I spent last weekend in northern Minnesota, which is full of pine trees, exposed bedrock, rivers, and the hilly remains of an ancient mountain range. My family owns some land and a cabin on Lake Vermilion near Cook, MN (the lake itself is rather large, when I say close to Cook, I mean the land we own is close to Cook).
I’ve been going on vacation there all of my life. It’s a beautiful place, but lately I’ve felt a desire to explore the area a bit more. With the help of a hiking guide my mom and I visited the Bog Walk (also this link and this link) right outside of Orr, MN (also close to the Vince Shute Wildlife Sanctuary, a fantastic place to see cuddly-looking black bears) and the Vermilion Gorge Trail.
The Bog Walk wasn’t very long, but whoever wrote the informative signs did a stellar job. Most informative signs are written rather poorly – they convey enough information, but don’t capture the reader’s attention. Somehow, the author of the Bog Walk signs managed to capture my attention and make bogs interesting. Did you know there are insectivorous plants (several different species) in the northern woods of Minnesota? Or that bog water is acidic while marshes are not? Or that there is a plant that grows in bogs that you can use to make tea, and the presence of this plant actually means much of bog water is essentially weak tea? Okay, I’m done.
The Bog Walk is an easy 1/2 mile floating wooden boardwalk through 3-6 different types of wetlands (depending on the source; the bog walk itself lists 4). Unfortunately, flowers bloom a bit later that far north in Minnesota, so we missed out on seeing any blooming flowers or insectivorous plants. Photos:
A photo of one type of bog.
You can’t really tell here, but this root system was huge. Several trees fell over together and pulled up their root system, possibly in the recent snow storm (a week before this was taken they got about a foot of snow that melted almost immediately; there were downed trees all over the place).
This is one of the plants in the bog. I imagine in just a few weeks it’ll be blooming.
After the Bog Walk, we visited the Vermilion Gorge Trail. The trailhead was difficult to find, perhaps due to the fact that the area in front of it was being used as a shipyard for houseboats. We found the trail with the help of a local. Because of the recent snowstorm, there were a lot of fallen trees on the path. We had to get creative at times. Signs along the way detailed the history of the area, notably the voyageurs, miners, and the site of an old trading post. At first the Vermilion River appears peaceful, but the Gorge itself was raging.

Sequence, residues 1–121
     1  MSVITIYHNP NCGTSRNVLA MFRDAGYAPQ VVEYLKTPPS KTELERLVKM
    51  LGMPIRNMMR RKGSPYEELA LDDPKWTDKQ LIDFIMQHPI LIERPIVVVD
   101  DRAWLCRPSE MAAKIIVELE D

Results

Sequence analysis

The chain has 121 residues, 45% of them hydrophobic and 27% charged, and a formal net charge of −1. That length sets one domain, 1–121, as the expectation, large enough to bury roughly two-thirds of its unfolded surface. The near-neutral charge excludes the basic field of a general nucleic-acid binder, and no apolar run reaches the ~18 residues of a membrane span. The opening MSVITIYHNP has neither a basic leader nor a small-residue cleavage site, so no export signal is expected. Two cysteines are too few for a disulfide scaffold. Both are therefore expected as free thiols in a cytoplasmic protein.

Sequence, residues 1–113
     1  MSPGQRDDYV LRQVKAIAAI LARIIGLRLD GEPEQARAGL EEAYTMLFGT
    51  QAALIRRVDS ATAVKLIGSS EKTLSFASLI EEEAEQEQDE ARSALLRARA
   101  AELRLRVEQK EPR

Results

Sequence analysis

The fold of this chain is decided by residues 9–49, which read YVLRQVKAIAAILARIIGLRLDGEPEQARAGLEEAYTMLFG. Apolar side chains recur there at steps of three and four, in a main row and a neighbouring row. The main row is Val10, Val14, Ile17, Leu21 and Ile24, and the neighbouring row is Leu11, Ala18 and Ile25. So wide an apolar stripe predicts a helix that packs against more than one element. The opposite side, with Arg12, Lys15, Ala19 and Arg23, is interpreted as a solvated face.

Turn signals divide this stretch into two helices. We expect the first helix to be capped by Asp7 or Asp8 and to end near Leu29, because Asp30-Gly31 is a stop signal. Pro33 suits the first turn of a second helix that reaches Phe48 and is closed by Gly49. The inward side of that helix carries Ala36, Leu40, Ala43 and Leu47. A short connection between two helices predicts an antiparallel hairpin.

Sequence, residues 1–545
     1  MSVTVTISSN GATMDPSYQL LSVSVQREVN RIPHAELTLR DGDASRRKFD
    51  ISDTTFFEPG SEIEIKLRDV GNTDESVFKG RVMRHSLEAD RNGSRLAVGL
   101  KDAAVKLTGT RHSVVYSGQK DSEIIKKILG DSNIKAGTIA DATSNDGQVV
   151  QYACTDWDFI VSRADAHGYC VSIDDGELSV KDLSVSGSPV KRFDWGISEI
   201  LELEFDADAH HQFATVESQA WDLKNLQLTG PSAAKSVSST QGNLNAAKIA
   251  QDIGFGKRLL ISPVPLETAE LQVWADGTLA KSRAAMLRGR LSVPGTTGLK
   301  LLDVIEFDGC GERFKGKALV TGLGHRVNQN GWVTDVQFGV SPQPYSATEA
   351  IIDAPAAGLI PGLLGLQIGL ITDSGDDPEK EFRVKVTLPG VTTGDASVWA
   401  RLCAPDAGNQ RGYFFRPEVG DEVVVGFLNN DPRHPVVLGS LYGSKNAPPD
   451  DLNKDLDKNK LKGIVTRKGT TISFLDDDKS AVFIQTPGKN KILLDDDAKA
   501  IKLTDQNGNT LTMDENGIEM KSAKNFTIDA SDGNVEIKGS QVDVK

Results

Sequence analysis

These were one of the several sets of stairs along the trail. My favorite steps were those made with the naturally occurring rock and exposed bedrock (not pictured).
The Gorge itself isn’t the only beautiful feature of the trail. There were stands of red pines along the way along with a lot of exposed bedrock.
The closer you get to the Gorge, the higher up the trail goes. There are many “look-outs” along the way.
It is impossible to capture the beauty and awesomeness of the Vermilion Gorge on camera – especially with a little point-and-shoot like mine. I’d recommend actually visiting. As my mom and I moved further upstream along the gorge, we discussed kayaking the river. We started out thinking it’d be a little frightening; with each new view of the rapids through the gorge we became more and more timid. We ended up saying we’d probably never try to kayak through the gorge because the rapids were that intense. Perhaps they calm down in the summer.
This is a view of the Gorge looking downstream. Fun fact: the Vermilion River flows north (from Vermilion to Crane Lake).
I spent a lot of time taking photos of the sunset, dusk and the bay my cabin is on. I wish I had taken more photos of my family, and I wish I had taken my camera when we hiked part of the Laurentian Divide on Sunday. I would’ve taken a photo of the awesome view from the top of Lookout Mountain.
Enjoy the rest of my photos!
Sunset through the trees.
Sunset on the bay.
A little while later…
Dusk. I just love the colors and can’t stop myself from taking a lot of photos. (I’ll just throw out there that I didn’t enhance this one at all)
I see the colors and I can’t resist.
Even facing away from the sun the colors are gorgeous.
Okay, that’s the last from the same evening, I promise.
This time it was the clouds, not the colors, that made me snap a photo. And the reflective quality of the water.
Blue. It was so blue.
I’m ending on this one. It’s always a little strange when the camera can’t see what you can see. There was plenty of light for the human eye, giving everything a dusky blue quality, but the camera couldn’t pick that up. I had to change the contrast, brightness and saturation to get this much detail showing. Still makes for a pretty cool photo, but it wasn’t what I wanted to capture.